Iowa’s Largest Solar Farm Up and Running

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WASHINGTON COUNTY, Iowa -- The state's largest solar farm opened this week in eastern Iowa. It will generate enough energy to power over 100 homes and businesses.

The solar energy farm is located near Kalona, in Washington County. Three-thousand solar panels will generate electricity for about 650 members of the Farmer's Electric Cooperative.

KWWL reports Farmers Hen House is one of those customers. The company ships organic eggs across the country.

The owner says solar energy is the perfect fit for his farm, which is about three times larger than others in the state.

"Eventually the utilities are going to catch on and make this a part of their energy matrix and you're going to see solar fields that are just gonna dwarf this,” says Barry Shear, President of Eagle Point Solar.

The project cost about $2 million. Farmer's Electric hopes to double the size of the solar farm over the next decade.


  • Dan

    Ever notice solar power never has a down side? Like how much taxpayer money is in incentives? Like 2 milion after the incentives or before? More likely after your tax money. Like this is a 10 year payout at $ 166 a month per house, without interest of course. Like no maintenance costs. Your tax dollars at work. Everybody wants to go green, till they find out what it costs.

  • Randy Graven

    Did you ever look into all the subsidies to the coal and natural gas companies and the pipeline companies and railroads that transport them? Who do you think is paying for those?

  • William Denison

    The Iowa Economic Development Authority (IEDA) announced back in November that its energy office had acquired the three-year grant, which was designed and provided by the U.S. Department of Energy. The purpose was to speed up solar installations across the state by updating the rules regarding permitting, inspections, and connections to the grid. A press release at the time quoted Branstad as saying that “Iowa should be at the front of the pack” in solar energy. But after months of wrangling over the terms of the project between the two offices, negotiations fell apart in April and both sides agreed to terminate the grant.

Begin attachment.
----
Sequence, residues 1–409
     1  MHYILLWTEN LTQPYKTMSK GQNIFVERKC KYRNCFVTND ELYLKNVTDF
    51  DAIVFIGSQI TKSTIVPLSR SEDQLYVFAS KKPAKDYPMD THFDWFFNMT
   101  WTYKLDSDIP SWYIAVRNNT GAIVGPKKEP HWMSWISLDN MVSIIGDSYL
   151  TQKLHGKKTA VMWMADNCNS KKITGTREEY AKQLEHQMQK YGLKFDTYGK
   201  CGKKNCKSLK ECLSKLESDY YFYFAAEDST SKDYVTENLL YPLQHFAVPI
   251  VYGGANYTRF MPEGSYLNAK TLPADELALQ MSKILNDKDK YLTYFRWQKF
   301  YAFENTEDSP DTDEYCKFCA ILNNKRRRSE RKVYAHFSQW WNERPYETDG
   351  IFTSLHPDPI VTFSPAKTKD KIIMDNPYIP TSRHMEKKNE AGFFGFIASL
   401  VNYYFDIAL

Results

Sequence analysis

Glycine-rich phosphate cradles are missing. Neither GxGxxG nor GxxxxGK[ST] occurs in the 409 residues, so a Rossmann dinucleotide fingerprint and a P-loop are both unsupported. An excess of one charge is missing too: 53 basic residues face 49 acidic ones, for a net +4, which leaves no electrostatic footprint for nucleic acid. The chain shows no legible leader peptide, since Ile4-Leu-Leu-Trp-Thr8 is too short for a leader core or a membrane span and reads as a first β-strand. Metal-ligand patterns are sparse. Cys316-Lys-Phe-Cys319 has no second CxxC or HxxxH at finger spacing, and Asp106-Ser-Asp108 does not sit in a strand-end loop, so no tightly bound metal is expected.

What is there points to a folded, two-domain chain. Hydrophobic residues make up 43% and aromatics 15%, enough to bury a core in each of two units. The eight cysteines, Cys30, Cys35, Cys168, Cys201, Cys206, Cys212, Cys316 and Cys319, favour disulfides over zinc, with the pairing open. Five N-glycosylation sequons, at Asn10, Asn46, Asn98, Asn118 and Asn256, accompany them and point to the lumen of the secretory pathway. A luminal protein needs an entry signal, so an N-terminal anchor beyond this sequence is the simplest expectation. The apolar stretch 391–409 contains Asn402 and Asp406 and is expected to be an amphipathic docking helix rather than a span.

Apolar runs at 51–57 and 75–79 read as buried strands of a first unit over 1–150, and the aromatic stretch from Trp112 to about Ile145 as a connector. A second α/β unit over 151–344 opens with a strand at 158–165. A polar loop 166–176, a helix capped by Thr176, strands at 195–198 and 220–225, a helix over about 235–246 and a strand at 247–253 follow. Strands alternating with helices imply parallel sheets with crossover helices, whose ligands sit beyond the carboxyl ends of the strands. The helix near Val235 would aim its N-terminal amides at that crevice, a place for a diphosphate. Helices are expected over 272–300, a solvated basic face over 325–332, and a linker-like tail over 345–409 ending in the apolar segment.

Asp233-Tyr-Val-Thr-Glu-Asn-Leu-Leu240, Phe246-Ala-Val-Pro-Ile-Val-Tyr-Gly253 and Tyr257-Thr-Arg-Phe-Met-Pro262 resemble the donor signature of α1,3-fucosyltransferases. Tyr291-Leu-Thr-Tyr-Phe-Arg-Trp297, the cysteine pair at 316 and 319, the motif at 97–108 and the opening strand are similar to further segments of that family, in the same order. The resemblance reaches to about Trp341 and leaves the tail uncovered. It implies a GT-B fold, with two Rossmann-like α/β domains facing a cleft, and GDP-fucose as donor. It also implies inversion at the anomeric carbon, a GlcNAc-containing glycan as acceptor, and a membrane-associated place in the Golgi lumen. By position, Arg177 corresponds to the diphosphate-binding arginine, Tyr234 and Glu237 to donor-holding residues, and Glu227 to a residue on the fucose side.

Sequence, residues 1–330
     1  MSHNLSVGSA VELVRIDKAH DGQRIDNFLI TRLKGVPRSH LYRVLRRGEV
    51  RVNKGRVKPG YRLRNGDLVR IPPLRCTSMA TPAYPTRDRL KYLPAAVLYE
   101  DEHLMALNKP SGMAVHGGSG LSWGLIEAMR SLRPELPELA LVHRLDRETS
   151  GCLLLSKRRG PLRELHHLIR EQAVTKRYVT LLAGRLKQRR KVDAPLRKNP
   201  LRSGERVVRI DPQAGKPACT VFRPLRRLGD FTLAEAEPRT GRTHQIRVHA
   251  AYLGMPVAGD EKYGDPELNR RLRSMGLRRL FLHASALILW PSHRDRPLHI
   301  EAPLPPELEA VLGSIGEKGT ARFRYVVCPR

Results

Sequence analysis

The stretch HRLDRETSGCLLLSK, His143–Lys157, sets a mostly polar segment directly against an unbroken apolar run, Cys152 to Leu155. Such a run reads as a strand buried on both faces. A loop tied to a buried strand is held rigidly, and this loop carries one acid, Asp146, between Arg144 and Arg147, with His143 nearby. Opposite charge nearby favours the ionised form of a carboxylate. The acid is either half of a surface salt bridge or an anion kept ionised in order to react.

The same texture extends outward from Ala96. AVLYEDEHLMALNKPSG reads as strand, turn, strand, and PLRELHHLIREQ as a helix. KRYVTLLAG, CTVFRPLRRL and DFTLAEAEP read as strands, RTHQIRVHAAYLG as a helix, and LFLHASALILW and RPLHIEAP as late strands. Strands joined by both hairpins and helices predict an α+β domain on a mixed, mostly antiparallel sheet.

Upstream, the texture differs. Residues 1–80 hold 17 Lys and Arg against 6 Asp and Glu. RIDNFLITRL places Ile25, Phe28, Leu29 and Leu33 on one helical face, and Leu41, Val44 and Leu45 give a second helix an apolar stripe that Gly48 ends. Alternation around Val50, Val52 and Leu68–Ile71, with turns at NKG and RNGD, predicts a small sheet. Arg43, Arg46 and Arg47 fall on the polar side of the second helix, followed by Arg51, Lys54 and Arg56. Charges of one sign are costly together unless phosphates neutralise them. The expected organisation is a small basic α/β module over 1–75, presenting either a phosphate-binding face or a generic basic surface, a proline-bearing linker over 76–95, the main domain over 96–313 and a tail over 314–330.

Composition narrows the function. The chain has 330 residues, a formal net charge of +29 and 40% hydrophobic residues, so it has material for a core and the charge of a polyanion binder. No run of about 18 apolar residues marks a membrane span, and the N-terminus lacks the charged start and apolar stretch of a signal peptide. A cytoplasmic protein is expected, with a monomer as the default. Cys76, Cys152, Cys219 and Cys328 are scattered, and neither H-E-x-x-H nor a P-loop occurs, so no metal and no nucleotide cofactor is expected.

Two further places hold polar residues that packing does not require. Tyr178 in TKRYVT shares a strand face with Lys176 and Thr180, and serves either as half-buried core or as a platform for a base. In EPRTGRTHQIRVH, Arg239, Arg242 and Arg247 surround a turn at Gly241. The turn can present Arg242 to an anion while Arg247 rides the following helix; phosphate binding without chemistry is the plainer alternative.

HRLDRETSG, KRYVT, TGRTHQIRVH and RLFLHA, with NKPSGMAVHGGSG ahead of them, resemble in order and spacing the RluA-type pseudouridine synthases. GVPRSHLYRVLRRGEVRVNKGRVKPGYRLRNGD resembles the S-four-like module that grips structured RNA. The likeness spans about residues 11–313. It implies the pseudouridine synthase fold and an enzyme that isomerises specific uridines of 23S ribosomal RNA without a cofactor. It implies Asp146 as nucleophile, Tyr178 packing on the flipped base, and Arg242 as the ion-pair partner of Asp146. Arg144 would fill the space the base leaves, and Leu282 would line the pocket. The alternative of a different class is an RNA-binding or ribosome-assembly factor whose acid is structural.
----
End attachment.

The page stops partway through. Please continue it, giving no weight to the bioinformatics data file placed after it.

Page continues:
On Monday, Hatch held up the grant as evidence that “the current governor is giving in to special interests in the utility industry,” the Cedar Rapids Gazette reported.

  • Boces

    I’m with Dan. They say the cost is $2.2 million. Plus subsidies? Plus interest? Plus maintenance? Plus cost of the land? What about night time and cloudy days: we need to use backup energy from conventional sources. Studies have been done in England, and they can’t even measure any reduction in coal use for electrical generation from their wind and solar “investments.” This is money spent for no measurable economic benefit, like most Government Programs.

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